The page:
After returning from Saudi Arabia, Telgi started a travel agency named Arabian Metro Travels at New Marine Lines as a corporation to export labor to Saudi Arabia. Telgi started the counterfeiting business and focused on phony passports. He also created fake documents that allowed workers to navigate airport security seamlessly, even if their passports had issues like ECR (emigration check required) stamps or other concerns for immigration officers. Labor exporters termed this activity “pushing” in their language.
Utilizing his connections in Saudi Arabia, Tengi actively participated in the unlawful transportation of labor to the country through the forgery of passports and other documents. His first run-in with the police came in 1991 when the Mumbai Police detained the man – now identified as Karim Lala – on forgery and cheating allegations.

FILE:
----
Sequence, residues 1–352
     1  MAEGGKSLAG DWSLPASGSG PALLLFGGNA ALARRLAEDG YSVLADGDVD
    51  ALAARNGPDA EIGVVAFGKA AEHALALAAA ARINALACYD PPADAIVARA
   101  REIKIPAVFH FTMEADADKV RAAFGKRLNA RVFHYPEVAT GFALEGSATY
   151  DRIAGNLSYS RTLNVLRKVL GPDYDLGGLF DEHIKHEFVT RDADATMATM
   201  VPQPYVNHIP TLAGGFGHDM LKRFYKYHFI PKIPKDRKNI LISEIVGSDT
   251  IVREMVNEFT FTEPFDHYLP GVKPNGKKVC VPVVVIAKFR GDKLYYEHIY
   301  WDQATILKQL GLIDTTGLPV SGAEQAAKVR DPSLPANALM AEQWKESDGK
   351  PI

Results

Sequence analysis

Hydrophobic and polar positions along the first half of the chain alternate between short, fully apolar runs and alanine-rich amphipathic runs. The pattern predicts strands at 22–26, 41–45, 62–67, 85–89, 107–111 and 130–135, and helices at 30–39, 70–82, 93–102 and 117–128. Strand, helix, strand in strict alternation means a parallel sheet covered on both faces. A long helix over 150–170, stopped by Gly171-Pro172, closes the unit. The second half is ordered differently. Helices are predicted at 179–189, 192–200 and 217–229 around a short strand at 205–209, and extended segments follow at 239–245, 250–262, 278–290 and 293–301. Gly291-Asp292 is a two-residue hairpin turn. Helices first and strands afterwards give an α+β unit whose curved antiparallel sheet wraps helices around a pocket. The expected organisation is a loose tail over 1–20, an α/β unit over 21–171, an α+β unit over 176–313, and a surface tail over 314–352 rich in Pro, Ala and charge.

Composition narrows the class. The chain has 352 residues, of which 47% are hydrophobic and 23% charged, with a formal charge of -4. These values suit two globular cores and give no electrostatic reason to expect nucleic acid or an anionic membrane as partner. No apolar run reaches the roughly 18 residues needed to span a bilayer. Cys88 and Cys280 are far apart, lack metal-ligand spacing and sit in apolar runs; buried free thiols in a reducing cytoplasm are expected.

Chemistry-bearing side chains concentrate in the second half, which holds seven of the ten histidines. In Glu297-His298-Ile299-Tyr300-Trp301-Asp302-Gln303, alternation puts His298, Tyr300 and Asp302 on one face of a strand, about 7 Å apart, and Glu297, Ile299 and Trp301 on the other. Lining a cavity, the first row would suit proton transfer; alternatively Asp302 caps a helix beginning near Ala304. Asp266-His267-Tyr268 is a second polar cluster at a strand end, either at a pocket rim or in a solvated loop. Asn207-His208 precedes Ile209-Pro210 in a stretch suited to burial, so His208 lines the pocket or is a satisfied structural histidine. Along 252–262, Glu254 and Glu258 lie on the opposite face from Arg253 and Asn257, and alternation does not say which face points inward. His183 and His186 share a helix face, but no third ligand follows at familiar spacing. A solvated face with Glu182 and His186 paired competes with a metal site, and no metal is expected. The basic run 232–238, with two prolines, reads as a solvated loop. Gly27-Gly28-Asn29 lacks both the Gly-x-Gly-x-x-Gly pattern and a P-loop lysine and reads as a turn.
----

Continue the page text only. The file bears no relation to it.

Alliance with Ratan Soni
In the year 1994, Telgi discovered an accomplice, another fraudster, Ratan Soni, in what would eventually become his future scheme, bogus stamp papers. A stamp paper is pre printed paper with a revenue stamp. This paper is widely used around the world to collect taxes on documents requiring stamping, such as leases, agreements, receipts, court documents and many others. This scam was related to the printing and making of fake stamps and stamp papers. Stamp papers were perpetually in low supply all across the country and hence in high demand.
In 1994, Telgi returned to the public after completing his sentence and obtained a permit for the enterprise. He subsequently initiated the production of stamp papers using equipment that the Nashik Security Press had deactivated. Using equipment identical to those purchased at government auctions, Telgi built up a business to create fake stamp papers. He continued this over the course of the following 7-8 years.